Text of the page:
“I first experienced Ellen Lupton's curation when I visited her 'Mechanical Brides' and 'Mixing Messages' exhibitions in the late 1990s,” recalls Paul Warwick Thompson, director of the Cooper-Hewitt since 2001. “I was truly excited by the prospect of working with Ellen, and I remain captivated by the 'Skin' exhibition, which she curated in my first year in New York. She is a beautifully expressive writer, an eloquent and engaging speaker, a remarkable designer and design thinker: a true polymath.”
For the latest Triennial, 2006's “Design Life Now,” Lupton raised a few eyebrows by including populist forms of new social media such as blogs, open-source software and D.I.Y. magazines, all of which work towards making design literacy part of mainstream culture and reflect her own desire to make design a less exclusive club. Lupton herself is an avid blogger on design-your-life.org and DIYKids.org, two sites that apply design to everyday life co-edited with her identical twin sister Julia. Inviting audiences to participate in the creation of a new design discourse shows a level of confidence rarely found among the design elite and a lack of fear in what she calls the age of “unstoppable self-education.”
“Ellen Lupton is an institution,” says Paula Scher. “In a time when design writing has moved to the blogosphere—and is more democratic, but more idiotic—Ellen's clear voice is even more valuable.”
In her role as director of the graphic design MFA program at the Maryland Institute College of Art since 2003, Lupton has continued to practice an inclusive ethos of design and communication. (She joined the school as chair of the undergraduate design program in 1997.) In 2006, she and her grad students produced D.I.Y.: Design It Yourself, a manual for empowering non-designers with how-to skills. Lupton advocates exposing all methods of production: to this end, she has taught a course on code writing with a graduate student at MICA, and recently hosted seminars on independent publishing and blogging for designers and writers.
When she needed the right textbook for her students, Lupton wrote one herself. Although she has worked with various publishing houses over the years, she has produced over a dozen books with Princeton Architectural Press, including 2004's Thinking with Type, one of the press's best-selling titles. That seminal book features a series of concise essays, deftly illustrated examples and direct rules of engagement, and is most notable for the humor that hums dryly behind its Scala typeface. Her writing is smart, but more importantly, it entertains, too. “I wanted to produce a book that addressed both the how and why of typography, with serious history and theory,” she recalls, “and I wanted it to be fun, but not dumbed down. This is typography for people who think, but the book is not pompous or overly detailed.”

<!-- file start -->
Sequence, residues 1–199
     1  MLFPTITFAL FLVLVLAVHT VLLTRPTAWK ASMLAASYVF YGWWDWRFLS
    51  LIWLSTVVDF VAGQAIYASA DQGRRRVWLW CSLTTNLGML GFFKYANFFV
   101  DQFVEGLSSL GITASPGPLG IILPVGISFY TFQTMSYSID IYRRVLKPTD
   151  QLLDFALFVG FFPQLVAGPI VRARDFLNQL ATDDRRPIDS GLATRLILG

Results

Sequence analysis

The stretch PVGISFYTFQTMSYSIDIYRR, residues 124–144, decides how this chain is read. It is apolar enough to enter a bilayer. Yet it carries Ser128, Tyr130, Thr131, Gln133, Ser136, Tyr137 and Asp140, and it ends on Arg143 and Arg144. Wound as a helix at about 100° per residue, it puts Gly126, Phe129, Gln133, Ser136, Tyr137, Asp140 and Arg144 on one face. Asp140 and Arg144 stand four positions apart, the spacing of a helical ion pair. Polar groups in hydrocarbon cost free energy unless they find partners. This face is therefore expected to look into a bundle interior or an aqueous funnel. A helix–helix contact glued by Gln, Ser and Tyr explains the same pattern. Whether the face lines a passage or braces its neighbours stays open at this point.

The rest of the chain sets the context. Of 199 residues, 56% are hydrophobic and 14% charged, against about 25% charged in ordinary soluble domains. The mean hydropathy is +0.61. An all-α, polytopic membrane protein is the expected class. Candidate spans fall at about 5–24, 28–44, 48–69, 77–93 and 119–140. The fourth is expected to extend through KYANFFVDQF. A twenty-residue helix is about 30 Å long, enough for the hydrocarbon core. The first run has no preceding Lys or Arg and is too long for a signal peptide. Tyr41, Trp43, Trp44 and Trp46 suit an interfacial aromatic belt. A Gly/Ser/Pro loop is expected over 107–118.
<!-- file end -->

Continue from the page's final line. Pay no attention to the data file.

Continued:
Lupton's writing about design is itself an art. “She's exceptionally adept at both the verbal and the visual, which is not to be taken for granted in this new era of 'designer as author,' an era that she so skillfully pioneered and has inspired many of us to follow suit,” says Chip Kidd. Lucid, sophisticated and free from jargon, her words continue to define the territory of graphic design after deconstruction—using theory not just as a collection of footnotes or an intellectual endgame, but also as a way to bring critical reflection into everyday practice. Abbott Miller concurs, “Ellen has always been interested in writing that is clear and stripped down. She wants to make theory and history relevant to what designers do, making her work a resource for practicing designers as well as a contribution to the discourse of design history.”
In addition to inspiring others to become contributors to the design world, Lupton challenges them to be intellectuals, too. Her conclusion to Thinking with Type offers this typically droll bit of advice: “Think more, design less.” She is this profession's constant reminder to strive for conceptual depth, avoid style over substance and be smarter than we think we can be.